Reply

  25. Steve Clemons says:

    Chris — all good points. But it would not be good form for me to threaten. I’ll write such a piece when it makes sense to me (and when I have the time!!), but this blog does not have that kind of influence.
    best, steve clemons

    Reply

  26. Chris says:

    “John McCain should disavow these people.”
    Steve, isn’t it obvious that McCain *needs* these people out there, peddling this crap? This is what Republican presidential campaigns require: smears and lies about Democrats, to deter under-informed people from voting for them, and I’d say, with frustration, that it happens every four years, but that’s not enough; it happens during the three intervening years every time, too.
    And isn’t it obvious that McCain can play this one of at least three ways: ignore them and let it fester (after all, he’s the guy who said he couldn’t control outside groups attacking his opponent), issue an insincere disavowal (e.g., “I wish they wouldn’t say that, but I’m not going to actually do/say anything beyond making a tepid statement to the press”, so the media can run stories, “McCain Disavows Swiftboat-style Attacks / But How Are They Playing With Voters?”), or take a stronger stand and actually silence them?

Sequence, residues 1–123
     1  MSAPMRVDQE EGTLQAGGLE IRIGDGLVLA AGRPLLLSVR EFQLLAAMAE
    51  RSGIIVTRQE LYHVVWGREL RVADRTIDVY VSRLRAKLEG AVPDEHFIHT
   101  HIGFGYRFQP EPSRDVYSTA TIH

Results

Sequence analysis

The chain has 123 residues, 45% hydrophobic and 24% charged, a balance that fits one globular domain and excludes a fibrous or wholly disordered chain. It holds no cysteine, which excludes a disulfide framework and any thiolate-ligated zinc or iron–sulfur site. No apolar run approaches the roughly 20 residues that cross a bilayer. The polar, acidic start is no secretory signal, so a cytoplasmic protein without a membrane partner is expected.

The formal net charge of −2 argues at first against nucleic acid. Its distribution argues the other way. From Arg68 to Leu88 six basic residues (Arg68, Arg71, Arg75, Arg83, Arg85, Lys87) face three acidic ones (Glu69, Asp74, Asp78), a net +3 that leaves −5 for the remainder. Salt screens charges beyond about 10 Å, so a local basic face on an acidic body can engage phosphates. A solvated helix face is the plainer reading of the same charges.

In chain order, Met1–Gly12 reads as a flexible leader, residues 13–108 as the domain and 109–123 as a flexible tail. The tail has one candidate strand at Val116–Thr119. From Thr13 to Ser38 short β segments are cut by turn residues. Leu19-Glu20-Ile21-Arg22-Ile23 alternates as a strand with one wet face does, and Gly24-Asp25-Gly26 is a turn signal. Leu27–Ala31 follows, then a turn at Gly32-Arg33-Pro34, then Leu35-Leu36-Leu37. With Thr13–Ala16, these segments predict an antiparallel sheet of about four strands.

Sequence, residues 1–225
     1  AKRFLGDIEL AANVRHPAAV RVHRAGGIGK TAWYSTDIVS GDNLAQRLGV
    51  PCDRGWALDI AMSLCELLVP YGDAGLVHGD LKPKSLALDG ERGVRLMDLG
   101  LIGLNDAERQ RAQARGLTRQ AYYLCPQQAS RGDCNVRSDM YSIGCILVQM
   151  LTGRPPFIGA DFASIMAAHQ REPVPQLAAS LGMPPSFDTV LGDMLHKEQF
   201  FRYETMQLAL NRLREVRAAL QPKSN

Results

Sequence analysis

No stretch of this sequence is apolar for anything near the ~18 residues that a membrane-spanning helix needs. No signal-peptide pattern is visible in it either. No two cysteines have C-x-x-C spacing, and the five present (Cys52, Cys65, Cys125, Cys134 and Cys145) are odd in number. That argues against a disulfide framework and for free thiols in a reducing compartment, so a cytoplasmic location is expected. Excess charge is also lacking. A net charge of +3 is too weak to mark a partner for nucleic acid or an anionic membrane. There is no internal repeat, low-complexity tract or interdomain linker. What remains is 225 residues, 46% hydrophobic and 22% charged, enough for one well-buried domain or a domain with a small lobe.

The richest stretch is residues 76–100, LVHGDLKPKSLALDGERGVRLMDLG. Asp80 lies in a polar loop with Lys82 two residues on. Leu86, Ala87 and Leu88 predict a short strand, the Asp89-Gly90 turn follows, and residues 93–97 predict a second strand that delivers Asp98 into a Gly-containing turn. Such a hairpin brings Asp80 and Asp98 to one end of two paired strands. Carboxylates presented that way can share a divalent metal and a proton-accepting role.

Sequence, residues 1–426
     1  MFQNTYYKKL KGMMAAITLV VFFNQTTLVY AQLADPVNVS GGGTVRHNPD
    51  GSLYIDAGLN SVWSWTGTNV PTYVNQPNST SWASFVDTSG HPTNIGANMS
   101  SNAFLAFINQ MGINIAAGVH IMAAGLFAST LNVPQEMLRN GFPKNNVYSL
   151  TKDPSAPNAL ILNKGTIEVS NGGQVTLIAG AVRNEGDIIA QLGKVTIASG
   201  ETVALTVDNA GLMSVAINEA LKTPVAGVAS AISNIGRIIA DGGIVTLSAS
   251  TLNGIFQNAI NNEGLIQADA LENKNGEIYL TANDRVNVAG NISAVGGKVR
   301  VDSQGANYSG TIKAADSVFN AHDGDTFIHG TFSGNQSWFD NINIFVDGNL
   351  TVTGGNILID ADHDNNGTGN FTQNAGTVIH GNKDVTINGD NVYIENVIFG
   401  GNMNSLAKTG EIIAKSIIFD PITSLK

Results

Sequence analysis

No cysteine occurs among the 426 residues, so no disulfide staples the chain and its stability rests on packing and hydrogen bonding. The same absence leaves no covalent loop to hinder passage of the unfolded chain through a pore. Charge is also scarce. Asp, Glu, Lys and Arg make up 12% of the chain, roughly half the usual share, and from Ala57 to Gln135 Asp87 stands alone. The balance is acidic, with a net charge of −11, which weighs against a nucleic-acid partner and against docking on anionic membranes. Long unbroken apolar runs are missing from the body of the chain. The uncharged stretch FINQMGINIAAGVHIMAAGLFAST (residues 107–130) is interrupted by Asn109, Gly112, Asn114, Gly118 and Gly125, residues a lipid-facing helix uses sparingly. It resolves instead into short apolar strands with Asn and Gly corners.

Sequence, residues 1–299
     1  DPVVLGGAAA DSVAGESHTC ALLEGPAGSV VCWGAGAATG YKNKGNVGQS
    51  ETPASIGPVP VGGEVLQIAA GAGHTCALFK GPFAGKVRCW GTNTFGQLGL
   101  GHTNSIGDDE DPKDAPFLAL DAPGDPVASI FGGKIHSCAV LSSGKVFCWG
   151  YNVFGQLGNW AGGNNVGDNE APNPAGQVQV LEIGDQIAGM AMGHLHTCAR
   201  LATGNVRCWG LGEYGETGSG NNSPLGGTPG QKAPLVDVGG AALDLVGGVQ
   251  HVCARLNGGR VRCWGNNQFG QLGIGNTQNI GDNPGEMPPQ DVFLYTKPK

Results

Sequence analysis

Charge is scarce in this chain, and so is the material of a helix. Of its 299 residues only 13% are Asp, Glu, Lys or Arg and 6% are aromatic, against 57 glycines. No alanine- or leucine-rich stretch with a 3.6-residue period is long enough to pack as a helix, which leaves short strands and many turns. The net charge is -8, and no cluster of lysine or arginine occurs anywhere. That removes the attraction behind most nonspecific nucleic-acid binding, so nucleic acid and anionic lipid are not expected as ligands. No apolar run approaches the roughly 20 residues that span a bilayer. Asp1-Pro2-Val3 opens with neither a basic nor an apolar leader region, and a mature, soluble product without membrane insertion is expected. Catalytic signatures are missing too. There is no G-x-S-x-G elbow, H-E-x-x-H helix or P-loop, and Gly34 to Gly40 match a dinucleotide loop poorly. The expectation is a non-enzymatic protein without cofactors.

Hahaha. I threw that last one out there as a joke. There’s no way McCain would actually take a stronger stand and get these groups to stop attacking Obama on such scurrilous grounds, because (1) it helps McCain (duh, it works, that’s why they do it; let’s not pretend otherwise), (2) the media will portray it as helping McCain no matter what actually happens (under the “Everything’s always good for Republicans!” principle, which you may have read about if you read any left-wing blogs), and (3) McCain would get the same effect — praise from the press — whether he issues a denunciation with or without teeth.
    Because after all, if the media admitted that a conservative candidate had any influence with these kinds of groups, then they’d have to admit their own complicity in the scandal-mongering that feeds campaign coverage.
    Also, when you say, “John McCain should disavow these people,” I hope you have some kind of threat in your back pocket, a contingency plan of sorts, something like, “…because if he doesn’t, then I’ll write something like Joe Klein’s ‘McCain is not an honorable man’ column.” If you’re interested in changing behavior, you might want to change some of the incentives.

    Reply